Half Acre review

Half Acre is a beautiful space in South Melbourne.
Half Acre is a beautiful space in South Melbourne. Photo: Eddie Jim

112 Munro St South Melbourne, VIC 3205

View map

Opening hours Tue, Wed 4pm-late; Thu, Fri noon-late; Sat, Sun 11am-late
Features Bar, Private dining, Events
Prices Moderate (mains $20-$40)
Payments eftpos, AMEX, Cash, Visa, Mastercard
Phone 03 9999 1191

The beauty of imperfection (enshrined in the Japanese concept of wabi-sabi) is the belief that even though we think we crave perfection, it's irregularities, and little faults that jump out and really get us going. It's the carefully scrunched napkin placed behind a plate in food photos; meticulously styled woke-up-like-this hair; models in couture posed in crumbling ruins. Instagram can't get enough of it and neither can interior designers – juxtaposing slick pieces with weathered backdrops and the odd rustic barrel for a totes casual look that is really anything but.

Enter Half Acre, a renovated mill in South Melbourne doing double time as a restaurant and events space over a huge half acre block that is a perfectly engineered embodiment of this.

You can already picture the boho-chic weddings to come. In fact, if you get dropped off on Governor Road instead of Munro Street, you might end up in one by mistake.

Fluffy griddled flatbreads and smoke-infused butter.
Fluffy griddled flatbreads and smoke-infused butter. Photo: Eddie Jim

The restaurant, which you'll find after you've also crashed a party in the courtyard (the silent stares will let you know it's the next door down) is stunning. Soft beige banquettes fill a reception room. To one side a brushed concrete bar. To the other, the kitchen stage adorned with mounds of seasonal veg.

Onwards to the glass-ceilinged dining room looking out on that courtyard – an open-roofed section of the warehouse ringed with fern trees whose tops explode like floral firecrackers. Inside, cane chairs, graceful bentwoods, tan leather slingbacks and sleek banquettes line stone tables or bigger wooden ones. There are barrels and native flower sprays, and vintage-y water decanters.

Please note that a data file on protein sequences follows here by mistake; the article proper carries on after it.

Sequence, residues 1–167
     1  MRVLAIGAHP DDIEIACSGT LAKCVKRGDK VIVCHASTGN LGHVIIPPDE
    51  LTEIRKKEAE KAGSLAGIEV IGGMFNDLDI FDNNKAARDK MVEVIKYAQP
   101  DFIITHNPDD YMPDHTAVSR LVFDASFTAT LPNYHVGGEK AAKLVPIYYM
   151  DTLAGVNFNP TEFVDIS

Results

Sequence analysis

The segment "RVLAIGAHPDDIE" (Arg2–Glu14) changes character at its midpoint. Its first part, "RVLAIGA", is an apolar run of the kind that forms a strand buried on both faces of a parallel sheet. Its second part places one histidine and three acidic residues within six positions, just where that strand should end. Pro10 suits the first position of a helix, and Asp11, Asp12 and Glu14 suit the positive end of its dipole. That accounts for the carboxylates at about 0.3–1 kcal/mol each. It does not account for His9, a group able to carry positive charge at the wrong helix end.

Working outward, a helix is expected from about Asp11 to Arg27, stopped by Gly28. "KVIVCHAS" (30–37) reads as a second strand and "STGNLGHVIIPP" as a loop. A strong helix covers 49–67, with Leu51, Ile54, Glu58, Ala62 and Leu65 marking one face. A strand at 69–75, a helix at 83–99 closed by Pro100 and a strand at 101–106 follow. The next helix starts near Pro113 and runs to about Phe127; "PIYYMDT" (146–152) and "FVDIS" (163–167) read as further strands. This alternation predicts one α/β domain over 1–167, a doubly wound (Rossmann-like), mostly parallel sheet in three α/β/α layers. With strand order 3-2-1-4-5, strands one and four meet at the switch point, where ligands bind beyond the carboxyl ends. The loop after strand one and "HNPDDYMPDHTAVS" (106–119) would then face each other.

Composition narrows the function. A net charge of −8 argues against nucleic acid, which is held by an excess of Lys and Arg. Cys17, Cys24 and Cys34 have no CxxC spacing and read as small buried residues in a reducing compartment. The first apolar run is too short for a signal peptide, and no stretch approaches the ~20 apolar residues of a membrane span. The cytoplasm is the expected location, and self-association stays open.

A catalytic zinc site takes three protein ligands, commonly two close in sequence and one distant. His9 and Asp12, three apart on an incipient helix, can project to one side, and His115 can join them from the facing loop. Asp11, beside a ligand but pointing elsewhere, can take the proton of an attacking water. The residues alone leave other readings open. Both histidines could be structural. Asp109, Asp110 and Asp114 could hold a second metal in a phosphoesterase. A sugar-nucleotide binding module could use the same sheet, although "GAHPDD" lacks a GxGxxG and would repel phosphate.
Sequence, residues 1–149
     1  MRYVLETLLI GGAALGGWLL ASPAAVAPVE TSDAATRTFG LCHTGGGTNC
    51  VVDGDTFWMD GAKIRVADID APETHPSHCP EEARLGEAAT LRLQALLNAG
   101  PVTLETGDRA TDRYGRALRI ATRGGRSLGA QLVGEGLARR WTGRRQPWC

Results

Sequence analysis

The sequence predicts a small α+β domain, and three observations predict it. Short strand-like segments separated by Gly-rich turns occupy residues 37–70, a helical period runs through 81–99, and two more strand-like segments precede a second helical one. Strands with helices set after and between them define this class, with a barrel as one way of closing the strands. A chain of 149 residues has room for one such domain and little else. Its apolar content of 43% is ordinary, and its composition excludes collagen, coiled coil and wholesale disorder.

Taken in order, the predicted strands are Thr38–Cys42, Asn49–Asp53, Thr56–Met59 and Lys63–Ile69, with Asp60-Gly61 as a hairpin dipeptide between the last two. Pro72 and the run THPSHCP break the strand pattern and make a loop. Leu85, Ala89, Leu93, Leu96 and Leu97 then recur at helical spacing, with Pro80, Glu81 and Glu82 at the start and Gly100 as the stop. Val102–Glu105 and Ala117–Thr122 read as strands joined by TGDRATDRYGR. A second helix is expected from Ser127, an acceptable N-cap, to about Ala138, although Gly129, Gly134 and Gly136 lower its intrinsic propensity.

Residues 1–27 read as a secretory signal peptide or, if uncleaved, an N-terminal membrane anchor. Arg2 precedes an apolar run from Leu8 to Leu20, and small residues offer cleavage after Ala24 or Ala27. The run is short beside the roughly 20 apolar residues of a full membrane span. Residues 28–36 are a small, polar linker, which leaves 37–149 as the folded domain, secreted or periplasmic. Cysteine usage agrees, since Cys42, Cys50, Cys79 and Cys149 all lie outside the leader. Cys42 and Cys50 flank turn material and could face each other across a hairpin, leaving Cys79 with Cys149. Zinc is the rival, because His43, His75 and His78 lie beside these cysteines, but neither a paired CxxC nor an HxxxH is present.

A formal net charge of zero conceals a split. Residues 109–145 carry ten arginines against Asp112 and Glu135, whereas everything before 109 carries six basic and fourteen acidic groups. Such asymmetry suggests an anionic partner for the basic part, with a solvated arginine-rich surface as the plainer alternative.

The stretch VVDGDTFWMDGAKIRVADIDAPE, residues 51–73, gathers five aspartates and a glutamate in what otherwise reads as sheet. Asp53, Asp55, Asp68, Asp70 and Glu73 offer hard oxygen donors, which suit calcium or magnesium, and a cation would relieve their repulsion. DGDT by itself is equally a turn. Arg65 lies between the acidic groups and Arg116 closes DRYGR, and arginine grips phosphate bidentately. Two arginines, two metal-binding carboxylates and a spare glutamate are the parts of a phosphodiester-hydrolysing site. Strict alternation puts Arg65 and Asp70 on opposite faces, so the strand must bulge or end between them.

It's beautiful. So beautiful it's almost a little creepy, like you have actually stepped Alice in Wonderland-like right inside Instagram. The pitch of the menu is also very familiar. Informed by a wood-fired oven, there are pizzas, flame toasted vegetable dishes, and your larger meaty options. Pizza aside, it's almost entirely gluten-free. Tick.

Corn with herbs, chillies, preserved lemon and ras el hanout.
Corn with herbs, chillies, preserved lemon and ras el hanout. Photo: Eddie Jim

But the formula gets a little extra spark thanks to Israeli-born chef Eitan Doran. You might remember his short-lived but excellent Mediterranean/Middle Eastern Deli Counter on Queen Street. More recently, if less excitingly, he was championing the Yarra Valley at Cellar Door at Eastland shopping centre. He is versed at jazzing up an accessible menu.

The strongest cases in point are the vegetable dishes, which set us off at a cracking pace next to a pile of fluffy griddled flatbreads and smoke-infused butter.

The first is a chilled and totally electric plate of corn off the cob, rumbled with fresh green chillies, preserved lemon, toasted almonds, thatches of herbs and ras el hanout, Morocco's best-spices-in-the-cupboard mix. An unusual play of slow-roasted green cabbage, all sweet and soft is brilliant with crumbled toasted goat's cheese and herb-chilli-blitz up chimichurri.

Pancetta and egg pizza, on a chewy base.
Pancetta and egg pizza, on a chewy base.  Photo: Eddie Jim

Next comes our pizza, a two-day fermented beast, thin at centre and dressed nicely with tangy tomato, pancetta and a soft-yolked egg to break and finish the pie. Unlike the blistered Melbourne norm, it's chewier, baked rather than blasted so it can share oven space with the veg.

It takes a while for that pizza to show. Longer still for it to leave. As the room fills up, the picture-perfect image tends to crack, and not in the satisfying wabi-sabi way.

Our flathead fillets have lost all juice on the grill and their bedfellow of sweetly pickled carrot delivers a jarring acid jolt. Our grilled prawns have that singed shell acridity and I'm not sure dukkah is a natural friend, although the vibrant zucchini tzatziki beneath them, slicked in its chilli oil, would be a winner with more of those flatbreads.

Grilled pineapple and pecan crumble.
Grilled pineapple and pecan crumble. Photo: Eddie Jim

A chicken dish is back on track – half a braised and sectioned bird drenched in a multi-mushroom gravy. The headliner though is morels, fragrant spongy fungi kings, which are nowhere to be seen among oyster and flat mushrooms, and our waitress takes the question away never to return. (They are from Tasmania, and blitzed through the sauce, I'm later told).

There are strong leaders in management who I think could pull things together. It's early days, but running all the staff through the menu would lift the game significantly. As would cracking some of the more interesting bottles from the mostly Australian, Kiwi wine list for by-the-glass options, which are currently all from the low range, and steering quite acidic.

As 9pm creeps past, seeking a dessert menu when we haven't seen waters filled for 20 minutes becomes a lost cause. I'm still keen to return and see what that roast pineapple with pecan crumble is like, given the strength of the rest of the veg and salads. There's promise here. Half Acre, I would suggest, is halfway to where it's going. But where it's going looks good.

Pro Tip: Weddings, parties and anything are possible here

Go-to Dish: Corn off the cob, with chilli lime dressing

halfacre.com.au